12 Product Metrics To Track For Success

May 20, 2024

Data visibility is critical to product-led growth, but deciding which product metrics to track can be a time-consuming process.

If you track too few metrics, you end up with an incomplete picture of your product and customers. However, if you track too many metrics without structure, you end up with information overload.

In this guide, we provide a list of the key product metrics all organizations should track to support sustainable growth. We also explore the why behind each of these metrics to help you build more strategic processes. Lastly, we look at how you can build a complete picture of both in-product and out-of-product data with NetSpring.

Why Do Product Metrics Really Matter?

Put simply, product metrics allow you to make better decisions. They allow you to continually adjust your strategy throughout the product life cycle to drive sustainable growth.

In the early stages of product development, this might look like testing product hypotheses more effectively and identifying potential issues before they escalate. Then as you start to see more engagement, you could start looking at introducing new features that resonate with your audience.

With the right approach to product metrics, you can adapt to market changes and user issues proactively. And with studies showing that 67% of churn is preventable if issues are resolved early on, it’s clear how important this is.

Conducting real-time analysis allows you to adapt to market changes and user issues more quickly. However, tracking behavioral analytics across channels is key to building a more complete picture.

Without integrating out-of-product analytics alongside your product metrics, you might miss out on crucial insights. For example, you might experience a sudden drop in daily users that cannot be explained with product data alone but can be understood with insights from customer service.

In this way, product metrics and customer insights are also essential for uniting teams towards shared goals. They provide a common language through which you can align departments and engage stakeholders.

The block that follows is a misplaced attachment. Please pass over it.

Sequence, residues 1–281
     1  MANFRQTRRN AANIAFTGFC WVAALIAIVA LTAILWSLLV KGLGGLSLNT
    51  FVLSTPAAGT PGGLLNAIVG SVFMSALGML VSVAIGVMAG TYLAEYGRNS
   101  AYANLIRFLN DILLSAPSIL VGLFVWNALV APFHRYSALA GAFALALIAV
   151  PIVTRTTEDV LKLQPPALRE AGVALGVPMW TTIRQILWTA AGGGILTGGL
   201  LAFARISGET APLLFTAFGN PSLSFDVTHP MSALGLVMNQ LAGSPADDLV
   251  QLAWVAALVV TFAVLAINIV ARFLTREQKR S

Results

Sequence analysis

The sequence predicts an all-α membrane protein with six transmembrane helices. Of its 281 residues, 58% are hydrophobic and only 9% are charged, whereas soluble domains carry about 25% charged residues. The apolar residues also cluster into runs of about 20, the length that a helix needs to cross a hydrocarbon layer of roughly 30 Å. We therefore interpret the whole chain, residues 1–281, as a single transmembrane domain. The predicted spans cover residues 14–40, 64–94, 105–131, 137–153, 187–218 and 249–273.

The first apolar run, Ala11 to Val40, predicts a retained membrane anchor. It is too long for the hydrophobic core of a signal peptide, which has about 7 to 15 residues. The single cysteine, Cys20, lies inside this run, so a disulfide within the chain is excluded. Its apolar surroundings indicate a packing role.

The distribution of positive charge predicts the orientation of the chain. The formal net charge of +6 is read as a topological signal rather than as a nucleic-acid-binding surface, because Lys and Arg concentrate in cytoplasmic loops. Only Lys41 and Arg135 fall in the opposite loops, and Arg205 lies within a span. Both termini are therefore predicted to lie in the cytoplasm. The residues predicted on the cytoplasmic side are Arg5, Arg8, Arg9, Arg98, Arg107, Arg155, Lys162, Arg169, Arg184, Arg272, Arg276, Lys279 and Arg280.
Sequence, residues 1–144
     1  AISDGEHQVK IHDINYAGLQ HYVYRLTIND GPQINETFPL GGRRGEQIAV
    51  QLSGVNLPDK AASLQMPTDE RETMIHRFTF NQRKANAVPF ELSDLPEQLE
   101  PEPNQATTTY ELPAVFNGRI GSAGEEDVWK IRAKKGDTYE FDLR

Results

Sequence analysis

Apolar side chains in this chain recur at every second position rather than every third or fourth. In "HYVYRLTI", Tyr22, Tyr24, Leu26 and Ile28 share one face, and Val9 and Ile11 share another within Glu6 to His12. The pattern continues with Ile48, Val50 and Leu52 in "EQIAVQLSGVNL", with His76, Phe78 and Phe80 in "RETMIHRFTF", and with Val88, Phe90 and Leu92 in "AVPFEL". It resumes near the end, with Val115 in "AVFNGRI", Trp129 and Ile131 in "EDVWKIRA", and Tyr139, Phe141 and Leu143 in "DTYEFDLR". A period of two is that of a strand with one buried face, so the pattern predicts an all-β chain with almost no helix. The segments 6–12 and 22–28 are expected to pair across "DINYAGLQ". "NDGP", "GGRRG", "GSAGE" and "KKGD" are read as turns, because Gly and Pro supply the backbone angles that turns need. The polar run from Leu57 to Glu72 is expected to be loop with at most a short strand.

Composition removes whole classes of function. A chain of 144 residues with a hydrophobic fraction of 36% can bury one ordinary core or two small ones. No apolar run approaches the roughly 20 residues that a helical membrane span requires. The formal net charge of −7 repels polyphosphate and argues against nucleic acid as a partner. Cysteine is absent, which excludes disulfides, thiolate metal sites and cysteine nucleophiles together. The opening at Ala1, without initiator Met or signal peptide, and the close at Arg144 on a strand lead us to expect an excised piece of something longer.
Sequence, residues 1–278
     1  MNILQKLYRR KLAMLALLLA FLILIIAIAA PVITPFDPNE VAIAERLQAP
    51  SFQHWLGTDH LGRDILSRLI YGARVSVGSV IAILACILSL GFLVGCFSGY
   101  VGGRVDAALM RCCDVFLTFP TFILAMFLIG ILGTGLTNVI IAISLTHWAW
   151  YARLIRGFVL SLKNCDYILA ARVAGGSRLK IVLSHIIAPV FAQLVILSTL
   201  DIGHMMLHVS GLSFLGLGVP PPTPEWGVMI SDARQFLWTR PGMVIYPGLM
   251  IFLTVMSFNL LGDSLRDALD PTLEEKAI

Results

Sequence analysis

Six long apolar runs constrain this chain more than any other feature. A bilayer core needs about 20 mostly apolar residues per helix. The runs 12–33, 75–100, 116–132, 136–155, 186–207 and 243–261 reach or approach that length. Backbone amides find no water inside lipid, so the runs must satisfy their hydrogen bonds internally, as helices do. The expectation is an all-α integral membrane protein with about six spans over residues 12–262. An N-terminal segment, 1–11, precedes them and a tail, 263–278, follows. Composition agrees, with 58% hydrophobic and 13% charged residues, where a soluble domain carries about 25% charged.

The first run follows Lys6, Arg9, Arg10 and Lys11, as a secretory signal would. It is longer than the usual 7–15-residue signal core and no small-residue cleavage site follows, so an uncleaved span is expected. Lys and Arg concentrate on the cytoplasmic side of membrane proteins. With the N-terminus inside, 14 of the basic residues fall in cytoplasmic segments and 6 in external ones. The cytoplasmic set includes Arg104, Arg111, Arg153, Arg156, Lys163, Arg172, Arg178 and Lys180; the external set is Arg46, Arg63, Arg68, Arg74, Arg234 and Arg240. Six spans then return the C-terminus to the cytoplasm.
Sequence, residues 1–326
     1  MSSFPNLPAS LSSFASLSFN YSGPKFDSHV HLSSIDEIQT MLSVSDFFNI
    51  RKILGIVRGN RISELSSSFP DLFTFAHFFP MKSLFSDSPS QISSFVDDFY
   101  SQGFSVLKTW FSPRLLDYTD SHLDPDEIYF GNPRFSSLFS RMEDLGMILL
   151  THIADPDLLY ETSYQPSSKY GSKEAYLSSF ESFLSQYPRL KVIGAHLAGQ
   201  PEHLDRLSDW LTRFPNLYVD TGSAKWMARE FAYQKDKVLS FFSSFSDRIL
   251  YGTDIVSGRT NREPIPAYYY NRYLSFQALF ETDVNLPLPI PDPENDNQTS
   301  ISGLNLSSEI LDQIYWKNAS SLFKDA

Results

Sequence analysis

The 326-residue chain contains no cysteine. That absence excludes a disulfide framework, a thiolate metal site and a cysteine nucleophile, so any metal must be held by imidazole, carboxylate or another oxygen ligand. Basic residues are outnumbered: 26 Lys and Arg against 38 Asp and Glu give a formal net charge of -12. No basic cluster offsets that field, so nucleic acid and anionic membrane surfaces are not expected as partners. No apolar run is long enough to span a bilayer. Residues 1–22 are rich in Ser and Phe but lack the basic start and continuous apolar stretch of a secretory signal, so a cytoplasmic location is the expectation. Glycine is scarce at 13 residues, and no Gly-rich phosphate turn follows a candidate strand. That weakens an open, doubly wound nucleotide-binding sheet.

Deciding Which Product Metrics To Track

With so much data available across different channels, it’s crucial to find the insights that align with your specific product vision and growth plan.

In your initial planning, it’s important to be aware that some metrics might seem important at first, but actually result in little momentum or action. These are considered to be vanity metrics.

One common example of this is time on page. Taken in isolation and without context, a high time on page could mean that a viewer was engaged by your website or that they left their monitor on and it went idle.

The key to deciding which product metrics to track is to choose a product analytics platform (such as NetSpring) that makes it easy for you to:

  • Get a clear, time–ordered, 360-degree view of user behavior
  • Understand funnels, paths, cohorts, and retention in minutes
  • Freely explore data to investigate hypotheses
  • Understand insights from across channels by working on top of your data warehouse
  • Create custom reports that factor in mutable data

The Most Important Product Metrics & How To Measure Them

The AARRR “pirate” metrics model is the most common within product analytics. And though you can experiment with other frameworks such as Dave McClure’s AARRR model to focus more closely on retention metrics, AARRR provides a solid foundation for most PLG companies.

Representing each stage of the user journey, the letters stand for:

  • Acquisition
  • Activation
  • Retention
  • Referral
  • Revenue

Throughout the next section, we’ll explore which metrics you should track in each category and what impact tracking these could have on your product engagement and growth. We’ll also look at how you can track these product metrics.


Acquisition metrics give you insights about when someone first starts using your product. They help you understand how effectively you’re attracting new users to your product and which channels are most successful in driving traffic.

Acquisition rate

One of the most important product metrics for all software organizations, this is the rate at which new users are onboarded onto your product. Calculating acquisition rate alongside attribution-related marketing analysis can show you which channels are most effective in your campaigns.

To calculate: Number of users acquired / specified time period

Customer Acquisition Cost (CAC)

This is the average amount of money your company spends to acquire a new customer. Monitoring this allows you to assess the efficiency of your marketing and sales efforts. You can also benchmark these against the industry standards posted online.

To calculate: Total cost (marketing + sales) / Number of new customers


Activation metrics are used to measure the stage at which users are deriving value from your product; acquisition typically refers to a sign-up or conversion event.

Daily Active User/Monthly Active User

DAU and MAU are the key engagement metrics indicating how your user base is growing and how they respond to improvements you make to the product. It looks at how many active users you have on a daily or monthly basis.